Trevor Morrow is a travel writer whose worked has appeared on Outside Online, Details, Men’s Journal, Inside Hook and more (he’s also the author of this article). You can follow him on his lifestyle travel blog, Trevor Morrow Travel, on Instagram at @trevormorrow and on Snapchat, username: thetrevormorrow.
A: My travel philosophy can be summed up in two words: selective splurging. In other words, pinching pennies on some things in order to spend more on others that are truly worth it.
For me, it’s all about curating the most memorable travel experience possible — which could involve dipping into the world of the budget backpacker and the luxury traveler.
For example, say I’m taking a six-night trip — I may try and keep my food costs down by eating street food or making my own dinners from food bought at grocery stores for four nights, then eat at one of the best, hottest or most renowned restaurants in town the other two nights. Or I may stay in an affordable AirBnB for four nights, and a nice hotel the last two nights. Really, every destination is different and it’s all about finding the right mix. So if the AirBnB is killer, I’ll ditch the hotel all together. Or if there are no decent AirBnBs or a certain hotel is truly incredible and enhances the experience, then I’ll go all hotel.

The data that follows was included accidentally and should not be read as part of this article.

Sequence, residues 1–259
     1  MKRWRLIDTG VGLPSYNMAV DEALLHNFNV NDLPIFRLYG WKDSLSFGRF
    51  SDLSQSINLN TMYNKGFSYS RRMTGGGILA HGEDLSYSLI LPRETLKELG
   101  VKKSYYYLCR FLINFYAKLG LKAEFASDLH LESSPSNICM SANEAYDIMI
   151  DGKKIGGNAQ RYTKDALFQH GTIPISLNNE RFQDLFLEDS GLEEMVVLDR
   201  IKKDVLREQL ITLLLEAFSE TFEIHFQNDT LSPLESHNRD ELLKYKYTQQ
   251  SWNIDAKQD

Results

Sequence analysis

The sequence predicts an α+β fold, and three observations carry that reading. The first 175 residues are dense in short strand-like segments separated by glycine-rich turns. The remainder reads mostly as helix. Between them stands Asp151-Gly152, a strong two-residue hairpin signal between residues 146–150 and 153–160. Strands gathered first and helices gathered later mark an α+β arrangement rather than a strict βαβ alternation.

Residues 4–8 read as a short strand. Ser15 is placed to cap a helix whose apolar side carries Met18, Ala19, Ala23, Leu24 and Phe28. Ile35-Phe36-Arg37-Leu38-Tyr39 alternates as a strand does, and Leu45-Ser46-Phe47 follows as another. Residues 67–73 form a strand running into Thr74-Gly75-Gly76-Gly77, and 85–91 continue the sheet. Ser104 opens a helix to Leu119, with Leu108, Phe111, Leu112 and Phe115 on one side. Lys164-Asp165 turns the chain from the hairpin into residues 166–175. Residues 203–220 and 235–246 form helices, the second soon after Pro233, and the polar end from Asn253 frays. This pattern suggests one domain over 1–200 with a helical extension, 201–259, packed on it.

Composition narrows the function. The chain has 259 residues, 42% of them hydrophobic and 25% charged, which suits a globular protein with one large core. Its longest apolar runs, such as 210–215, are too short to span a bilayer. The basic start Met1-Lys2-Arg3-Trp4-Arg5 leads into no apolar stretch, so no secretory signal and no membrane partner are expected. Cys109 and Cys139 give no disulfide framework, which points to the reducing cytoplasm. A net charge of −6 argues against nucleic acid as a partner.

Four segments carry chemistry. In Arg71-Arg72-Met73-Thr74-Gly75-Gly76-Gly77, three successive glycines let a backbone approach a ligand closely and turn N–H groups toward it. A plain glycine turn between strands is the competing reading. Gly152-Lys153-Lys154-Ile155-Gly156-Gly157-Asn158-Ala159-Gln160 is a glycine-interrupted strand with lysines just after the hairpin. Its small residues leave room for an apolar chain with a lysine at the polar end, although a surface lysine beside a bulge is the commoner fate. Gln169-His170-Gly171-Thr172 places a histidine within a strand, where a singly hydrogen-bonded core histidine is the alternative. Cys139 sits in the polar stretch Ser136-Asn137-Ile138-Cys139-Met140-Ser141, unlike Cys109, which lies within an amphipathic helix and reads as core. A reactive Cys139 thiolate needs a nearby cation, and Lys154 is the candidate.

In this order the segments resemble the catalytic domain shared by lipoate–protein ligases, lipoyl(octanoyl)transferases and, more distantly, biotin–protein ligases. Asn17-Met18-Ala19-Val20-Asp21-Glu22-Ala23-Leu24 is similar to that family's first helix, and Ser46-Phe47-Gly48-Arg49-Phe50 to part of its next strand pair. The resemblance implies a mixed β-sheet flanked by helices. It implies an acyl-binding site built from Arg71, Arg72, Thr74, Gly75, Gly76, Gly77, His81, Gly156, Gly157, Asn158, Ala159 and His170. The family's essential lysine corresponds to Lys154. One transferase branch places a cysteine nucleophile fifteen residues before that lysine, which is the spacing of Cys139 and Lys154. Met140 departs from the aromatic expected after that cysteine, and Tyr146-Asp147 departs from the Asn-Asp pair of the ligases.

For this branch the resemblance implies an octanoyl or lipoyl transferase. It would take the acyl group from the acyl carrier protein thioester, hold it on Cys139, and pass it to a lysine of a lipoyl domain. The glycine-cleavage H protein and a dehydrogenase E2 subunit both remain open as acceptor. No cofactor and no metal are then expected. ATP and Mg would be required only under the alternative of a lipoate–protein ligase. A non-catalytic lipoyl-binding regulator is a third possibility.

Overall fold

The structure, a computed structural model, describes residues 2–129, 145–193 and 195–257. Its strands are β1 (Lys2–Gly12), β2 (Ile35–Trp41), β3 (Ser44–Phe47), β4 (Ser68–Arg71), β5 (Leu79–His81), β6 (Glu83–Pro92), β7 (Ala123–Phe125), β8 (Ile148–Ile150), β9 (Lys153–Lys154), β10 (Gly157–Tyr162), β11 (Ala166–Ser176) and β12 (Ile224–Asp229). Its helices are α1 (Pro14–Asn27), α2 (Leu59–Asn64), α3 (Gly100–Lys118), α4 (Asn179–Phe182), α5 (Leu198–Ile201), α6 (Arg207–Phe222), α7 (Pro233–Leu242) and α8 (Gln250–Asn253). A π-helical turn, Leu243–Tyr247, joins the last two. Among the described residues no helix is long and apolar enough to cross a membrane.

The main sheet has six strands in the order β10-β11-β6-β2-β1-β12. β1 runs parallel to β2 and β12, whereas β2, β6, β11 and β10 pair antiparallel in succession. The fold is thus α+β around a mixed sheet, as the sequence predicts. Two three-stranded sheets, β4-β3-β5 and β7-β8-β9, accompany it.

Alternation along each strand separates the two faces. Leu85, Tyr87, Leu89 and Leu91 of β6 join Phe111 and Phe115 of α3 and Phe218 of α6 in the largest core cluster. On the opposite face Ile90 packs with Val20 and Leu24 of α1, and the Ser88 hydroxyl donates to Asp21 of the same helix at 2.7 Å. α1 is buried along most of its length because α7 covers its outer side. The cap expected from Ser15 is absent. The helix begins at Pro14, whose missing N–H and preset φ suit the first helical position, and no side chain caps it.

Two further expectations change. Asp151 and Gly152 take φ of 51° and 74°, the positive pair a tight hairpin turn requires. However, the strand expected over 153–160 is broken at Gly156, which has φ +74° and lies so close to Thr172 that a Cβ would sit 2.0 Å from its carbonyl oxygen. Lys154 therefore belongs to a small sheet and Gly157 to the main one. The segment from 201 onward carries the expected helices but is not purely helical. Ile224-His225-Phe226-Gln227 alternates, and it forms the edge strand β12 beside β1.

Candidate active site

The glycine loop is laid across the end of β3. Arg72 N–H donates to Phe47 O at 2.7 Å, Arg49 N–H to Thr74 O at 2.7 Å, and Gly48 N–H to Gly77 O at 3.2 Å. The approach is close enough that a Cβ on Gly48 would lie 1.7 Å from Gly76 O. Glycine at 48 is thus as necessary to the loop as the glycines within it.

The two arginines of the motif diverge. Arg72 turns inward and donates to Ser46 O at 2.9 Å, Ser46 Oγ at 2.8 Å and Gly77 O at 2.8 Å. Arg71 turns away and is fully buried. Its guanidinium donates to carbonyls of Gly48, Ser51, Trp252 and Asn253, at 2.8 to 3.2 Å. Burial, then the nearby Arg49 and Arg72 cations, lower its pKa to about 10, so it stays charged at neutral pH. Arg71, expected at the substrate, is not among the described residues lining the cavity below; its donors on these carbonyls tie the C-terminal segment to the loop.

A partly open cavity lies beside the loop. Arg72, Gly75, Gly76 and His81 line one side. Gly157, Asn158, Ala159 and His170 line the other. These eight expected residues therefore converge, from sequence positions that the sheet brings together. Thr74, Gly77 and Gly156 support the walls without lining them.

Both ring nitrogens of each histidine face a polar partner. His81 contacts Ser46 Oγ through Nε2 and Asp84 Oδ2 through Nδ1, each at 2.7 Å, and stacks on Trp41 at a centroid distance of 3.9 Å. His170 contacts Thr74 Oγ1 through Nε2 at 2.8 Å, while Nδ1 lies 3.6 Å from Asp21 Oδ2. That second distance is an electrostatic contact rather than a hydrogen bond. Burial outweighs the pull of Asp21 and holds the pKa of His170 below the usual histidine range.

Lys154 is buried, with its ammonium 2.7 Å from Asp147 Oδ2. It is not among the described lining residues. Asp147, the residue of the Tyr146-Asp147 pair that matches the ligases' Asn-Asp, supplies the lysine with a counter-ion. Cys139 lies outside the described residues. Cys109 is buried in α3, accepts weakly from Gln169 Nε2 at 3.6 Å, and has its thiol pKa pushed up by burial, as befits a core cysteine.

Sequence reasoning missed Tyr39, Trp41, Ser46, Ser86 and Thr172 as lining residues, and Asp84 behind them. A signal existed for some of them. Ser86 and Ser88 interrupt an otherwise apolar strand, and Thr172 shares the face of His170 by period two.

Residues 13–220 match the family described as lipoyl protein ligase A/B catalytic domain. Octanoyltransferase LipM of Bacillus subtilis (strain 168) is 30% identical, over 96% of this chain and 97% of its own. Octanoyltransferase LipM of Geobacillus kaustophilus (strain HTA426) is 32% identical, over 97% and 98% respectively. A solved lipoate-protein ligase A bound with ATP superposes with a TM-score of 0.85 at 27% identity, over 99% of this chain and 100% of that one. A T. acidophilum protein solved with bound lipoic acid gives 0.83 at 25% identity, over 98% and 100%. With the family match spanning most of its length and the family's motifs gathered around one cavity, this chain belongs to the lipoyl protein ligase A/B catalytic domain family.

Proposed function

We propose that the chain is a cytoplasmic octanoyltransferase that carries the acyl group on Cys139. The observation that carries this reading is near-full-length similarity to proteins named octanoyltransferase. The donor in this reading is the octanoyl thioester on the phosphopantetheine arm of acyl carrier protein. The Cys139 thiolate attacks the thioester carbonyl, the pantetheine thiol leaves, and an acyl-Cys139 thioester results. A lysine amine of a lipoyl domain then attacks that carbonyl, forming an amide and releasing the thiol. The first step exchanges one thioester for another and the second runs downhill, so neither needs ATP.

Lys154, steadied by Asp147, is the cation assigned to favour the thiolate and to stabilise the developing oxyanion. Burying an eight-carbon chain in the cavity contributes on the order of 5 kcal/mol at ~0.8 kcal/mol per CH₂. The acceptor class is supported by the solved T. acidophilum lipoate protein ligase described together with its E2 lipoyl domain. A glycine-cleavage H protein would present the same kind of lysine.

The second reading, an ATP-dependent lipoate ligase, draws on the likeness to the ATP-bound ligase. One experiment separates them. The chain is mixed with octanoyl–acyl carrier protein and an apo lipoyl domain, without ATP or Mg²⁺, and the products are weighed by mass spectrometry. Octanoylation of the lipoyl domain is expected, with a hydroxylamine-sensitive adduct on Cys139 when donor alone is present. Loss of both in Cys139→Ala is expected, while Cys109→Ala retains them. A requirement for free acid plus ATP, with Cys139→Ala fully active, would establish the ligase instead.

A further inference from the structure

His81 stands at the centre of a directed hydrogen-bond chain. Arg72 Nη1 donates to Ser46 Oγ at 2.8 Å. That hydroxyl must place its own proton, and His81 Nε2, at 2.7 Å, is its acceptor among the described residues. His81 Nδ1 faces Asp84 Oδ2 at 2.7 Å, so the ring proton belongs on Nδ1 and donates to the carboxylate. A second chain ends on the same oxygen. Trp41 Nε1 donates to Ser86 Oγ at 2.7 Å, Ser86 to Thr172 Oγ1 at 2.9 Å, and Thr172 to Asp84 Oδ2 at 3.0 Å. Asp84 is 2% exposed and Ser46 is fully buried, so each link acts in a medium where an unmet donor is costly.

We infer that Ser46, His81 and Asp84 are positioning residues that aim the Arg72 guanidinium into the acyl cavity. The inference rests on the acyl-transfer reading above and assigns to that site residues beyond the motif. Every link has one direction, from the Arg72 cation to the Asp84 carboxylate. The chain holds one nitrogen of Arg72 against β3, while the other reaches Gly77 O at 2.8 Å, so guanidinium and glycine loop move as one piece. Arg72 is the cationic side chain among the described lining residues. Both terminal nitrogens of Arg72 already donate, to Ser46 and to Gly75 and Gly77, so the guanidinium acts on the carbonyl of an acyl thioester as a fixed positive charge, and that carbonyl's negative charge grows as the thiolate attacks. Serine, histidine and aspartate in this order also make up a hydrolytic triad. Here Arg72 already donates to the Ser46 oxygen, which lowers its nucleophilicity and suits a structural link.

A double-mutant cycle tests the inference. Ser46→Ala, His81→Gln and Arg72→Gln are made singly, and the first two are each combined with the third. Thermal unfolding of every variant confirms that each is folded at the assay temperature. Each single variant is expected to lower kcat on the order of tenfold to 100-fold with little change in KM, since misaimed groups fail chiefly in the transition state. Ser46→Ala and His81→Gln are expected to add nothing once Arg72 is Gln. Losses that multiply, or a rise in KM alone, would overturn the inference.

It’s not a tricky system — it’s just creating a budget then allocating it appropriately (save a little here, splurge a little there).
Oh yeah, and obviously, take public transportation instead of cabs, pack your own lunch for long flights (airplane food is expensive!) and keep an eye out for free city tours (I love Sandemans’ New Europe tours).